Princess Lira is siren royalty and the most lethal of them all.
With the hearts of seventeen princes in her collection, she is revered across the sea. Until a twist of fate forces her to kill one of her own. To punish her daughter, the Sea Queen transforms Lira into the one thing they loathe most – a human. Robbed of her song, Lira has until the winter solstice to deliver Prince Elian’s heart to the Sea Queen or remain a human forever.
The ocean is the only place Prince Elian calls home, even though he is heir to the most powerful kingdom in the world. Hunting sirens is more than an unsavoury hobby – it’s his calling. When he rescues a drowning woman in the ocean, she’s more than what she appears. She promises to help him find the key to destroying all of sirenkind for good.
But can he trust her? And just how many deals will Elian have to barter to eliminate mankind’s greatest enemy?
This was such a nice surprise!
I was given an e-arc of this novel on Netgalley, in exchange for an honest review, and I’m pleasantly surprised that I absolutely loved this book! I’m surprised because I’m not usually a fan of retellings, especially of fairy tales.
A lot of what retellings do is make cute fairy tales more deadly, bloody, and violent. But what these retellings forget is that Disney films are already retellings, and most fairy tales are already pretty dark and brutal. So, while I haven’t read The Little Mermaid or watched The Little Mermaid, I thought that might be an advantage. I had an idea of how the story goes, but it wouldn’t be glaringly obvious if the story went in a different direction, because I don’t know the original.
But I feel like I should read the original tale because this was great!
I’m a lover of anti-heroines, we all know this, and since I’ve seen snippets of The Little Mermaid, I know Ariel is not the type of character that comes to mind when I think anti-heroine, but Lira is, for most of the book, a complete anti-heroine, and I love my bloodthirsty siren daughter. I loved the similarities between the lives of Lira and Elian and how they worked to defeat the evils of their own lives while still being morally grey characters.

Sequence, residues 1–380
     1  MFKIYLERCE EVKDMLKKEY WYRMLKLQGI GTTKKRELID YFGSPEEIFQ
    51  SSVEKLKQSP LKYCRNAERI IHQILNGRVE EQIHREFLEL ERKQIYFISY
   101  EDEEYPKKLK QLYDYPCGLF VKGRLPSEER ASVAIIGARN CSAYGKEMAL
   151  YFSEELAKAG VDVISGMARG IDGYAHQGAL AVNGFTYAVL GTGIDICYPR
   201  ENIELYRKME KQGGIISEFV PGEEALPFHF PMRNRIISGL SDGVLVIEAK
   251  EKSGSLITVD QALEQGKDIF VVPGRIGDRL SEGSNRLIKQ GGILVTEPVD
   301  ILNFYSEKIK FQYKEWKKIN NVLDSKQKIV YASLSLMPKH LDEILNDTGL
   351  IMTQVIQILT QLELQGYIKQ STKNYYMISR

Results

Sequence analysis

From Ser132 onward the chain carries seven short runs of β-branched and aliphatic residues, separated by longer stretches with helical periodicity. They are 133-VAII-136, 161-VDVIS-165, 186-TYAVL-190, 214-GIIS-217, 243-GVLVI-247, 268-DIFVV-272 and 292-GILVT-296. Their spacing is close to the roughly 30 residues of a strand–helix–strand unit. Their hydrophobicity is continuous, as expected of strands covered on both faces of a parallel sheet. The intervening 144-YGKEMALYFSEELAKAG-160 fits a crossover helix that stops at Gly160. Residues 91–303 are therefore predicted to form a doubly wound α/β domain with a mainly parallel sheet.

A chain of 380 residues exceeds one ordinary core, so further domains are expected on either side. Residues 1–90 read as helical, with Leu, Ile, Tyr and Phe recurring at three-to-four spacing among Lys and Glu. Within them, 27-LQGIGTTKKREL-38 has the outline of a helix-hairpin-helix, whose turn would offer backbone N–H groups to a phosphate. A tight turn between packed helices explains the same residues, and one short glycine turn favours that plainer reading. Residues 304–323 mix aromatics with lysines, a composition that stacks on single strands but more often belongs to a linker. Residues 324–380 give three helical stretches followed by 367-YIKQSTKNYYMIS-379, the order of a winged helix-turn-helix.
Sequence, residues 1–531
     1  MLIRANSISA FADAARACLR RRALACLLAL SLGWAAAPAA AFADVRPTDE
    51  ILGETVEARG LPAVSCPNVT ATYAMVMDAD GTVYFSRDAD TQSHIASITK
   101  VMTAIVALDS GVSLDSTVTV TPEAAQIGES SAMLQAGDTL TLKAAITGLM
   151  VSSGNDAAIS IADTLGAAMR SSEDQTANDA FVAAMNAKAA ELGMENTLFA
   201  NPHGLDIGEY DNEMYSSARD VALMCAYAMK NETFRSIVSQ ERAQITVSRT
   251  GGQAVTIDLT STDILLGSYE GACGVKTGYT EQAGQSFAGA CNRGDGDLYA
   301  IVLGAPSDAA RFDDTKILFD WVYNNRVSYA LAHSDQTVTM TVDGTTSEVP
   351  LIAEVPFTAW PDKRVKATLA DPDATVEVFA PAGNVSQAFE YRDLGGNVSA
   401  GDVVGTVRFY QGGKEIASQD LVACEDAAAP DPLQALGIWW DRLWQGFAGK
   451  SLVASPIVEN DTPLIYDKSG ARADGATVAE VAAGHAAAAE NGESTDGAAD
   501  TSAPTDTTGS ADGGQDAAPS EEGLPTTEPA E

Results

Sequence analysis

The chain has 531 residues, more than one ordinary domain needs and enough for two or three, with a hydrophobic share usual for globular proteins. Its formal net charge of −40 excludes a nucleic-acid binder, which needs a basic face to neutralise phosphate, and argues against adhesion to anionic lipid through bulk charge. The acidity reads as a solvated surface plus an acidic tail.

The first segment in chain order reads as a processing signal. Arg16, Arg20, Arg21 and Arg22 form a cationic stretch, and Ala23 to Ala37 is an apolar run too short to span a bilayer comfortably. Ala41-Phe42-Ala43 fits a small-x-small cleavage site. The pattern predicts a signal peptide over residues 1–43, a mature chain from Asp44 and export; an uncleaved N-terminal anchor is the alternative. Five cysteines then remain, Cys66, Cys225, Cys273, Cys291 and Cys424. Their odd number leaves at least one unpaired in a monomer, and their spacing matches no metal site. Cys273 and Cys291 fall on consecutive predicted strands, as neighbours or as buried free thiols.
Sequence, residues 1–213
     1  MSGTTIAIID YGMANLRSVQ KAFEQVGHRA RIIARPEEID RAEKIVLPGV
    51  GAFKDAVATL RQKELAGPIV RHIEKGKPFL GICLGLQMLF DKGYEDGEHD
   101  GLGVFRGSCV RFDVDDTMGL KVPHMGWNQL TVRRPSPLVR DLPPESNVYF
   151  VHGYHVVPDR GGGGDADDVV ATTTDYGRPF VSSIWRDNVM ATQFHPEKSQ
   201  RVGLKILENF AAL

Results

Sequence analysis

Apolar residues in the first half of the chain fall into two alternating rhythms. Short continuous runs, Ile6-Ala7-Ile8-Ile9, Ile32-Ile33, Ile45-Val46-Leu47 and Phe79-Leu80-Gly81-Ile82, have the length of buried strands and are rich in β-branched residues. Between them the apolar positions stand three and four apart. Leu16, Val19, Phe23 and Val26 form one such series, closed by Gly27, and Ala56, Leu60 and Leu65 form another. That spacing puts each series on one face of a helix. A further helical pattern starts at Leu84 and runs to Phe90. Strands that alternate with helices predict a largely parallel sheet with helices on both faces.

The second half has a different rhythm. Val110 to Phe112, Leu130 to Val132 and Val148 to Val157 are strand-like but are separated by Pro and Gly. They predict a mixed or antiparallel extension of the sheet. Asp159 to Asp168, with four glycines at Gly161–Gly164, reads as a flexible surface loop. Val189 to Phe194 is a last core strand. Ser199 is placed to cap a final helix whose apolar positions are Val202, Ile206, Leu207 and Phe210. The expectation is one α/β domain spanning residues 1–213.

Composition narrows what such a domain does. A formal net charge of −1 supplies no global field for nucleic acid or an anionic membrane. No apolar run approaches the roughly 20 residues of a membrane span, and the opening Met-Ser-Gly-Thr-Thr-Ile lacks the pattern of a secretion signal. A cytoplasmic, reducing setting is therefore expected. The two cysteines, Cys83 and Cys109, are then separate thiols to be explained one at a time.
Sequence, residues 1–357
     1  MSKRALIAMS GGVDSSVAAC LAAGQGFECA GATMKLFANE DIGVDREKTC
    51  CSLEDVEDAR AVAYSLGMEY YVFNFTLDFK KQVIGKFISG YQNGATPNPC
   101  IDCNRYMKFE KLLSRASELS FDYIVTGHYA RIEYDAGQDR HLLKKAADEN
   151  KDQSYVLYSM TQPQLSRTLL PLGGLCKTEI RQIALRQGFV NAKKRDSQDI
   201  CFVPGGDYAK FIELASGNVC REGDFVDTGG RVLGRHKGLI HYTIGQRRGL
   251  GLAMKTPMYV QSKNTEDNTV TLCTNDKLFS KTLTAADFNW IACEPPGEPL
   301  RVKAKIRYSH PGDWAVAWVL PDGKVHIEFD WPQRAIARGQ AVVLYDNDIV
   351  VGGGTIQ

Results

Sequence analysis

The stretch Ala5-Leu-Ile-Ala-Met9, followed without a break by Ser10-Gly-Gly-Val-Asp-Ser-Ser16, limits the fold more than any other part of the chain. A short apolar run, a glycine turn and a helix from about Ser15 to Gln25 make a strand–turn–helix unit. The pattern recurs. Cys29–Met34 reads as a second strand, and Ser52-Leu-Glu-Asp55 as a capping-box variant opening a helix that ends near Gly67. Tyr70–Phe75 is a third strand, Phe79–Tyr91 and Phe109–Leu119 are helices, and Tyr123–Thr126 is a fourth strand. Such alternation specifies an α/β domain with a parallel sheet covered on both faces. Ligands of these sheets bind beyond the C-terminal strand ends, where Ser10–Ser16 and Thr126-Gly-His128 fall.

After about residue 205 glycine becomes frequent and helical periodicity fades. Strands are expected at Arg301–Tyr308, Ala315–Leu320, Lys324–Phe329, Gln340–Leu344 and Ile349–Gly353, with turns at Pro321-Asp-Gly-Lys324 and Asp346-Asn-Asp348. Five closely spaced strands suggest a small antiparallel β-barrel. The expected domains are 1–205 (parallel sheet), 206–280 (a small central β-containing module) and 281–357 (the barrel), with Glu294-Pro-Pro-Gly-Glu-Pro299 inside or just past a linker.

I loved the setting, both in the ocean and on land, especially each ‘kingdom’ and how creative each were. Some were clearly modelled from real societies, but there was one that valued love and affection and it looked like a giant Valentine’s Day card – which was sometimes hard to picture, but I still enjoyed it!
I’m also just so thankful that this wasn’t instalove, or just had passages that were jarring. Budding YA romances love to have sentences that clearly indicate feelings really obviously like ‘we were arguing but I was staring at his big, burly muscles’ when they barely know each other! So I liked that this book wasn’t solely built on two main characters falling in love, but still had room to make it more authentic.
To Kill A Kingdom is a standalone, which I was surprised about, but it still ended beautifully. I think if this isn’t a standalone, then that might cause a few problems – this story definitely ended on the last page of this book.
Publisher: Hot Key Books
Publication Date: 6th March 2018
Rating: ☆ ☆ ☆ ☆ .5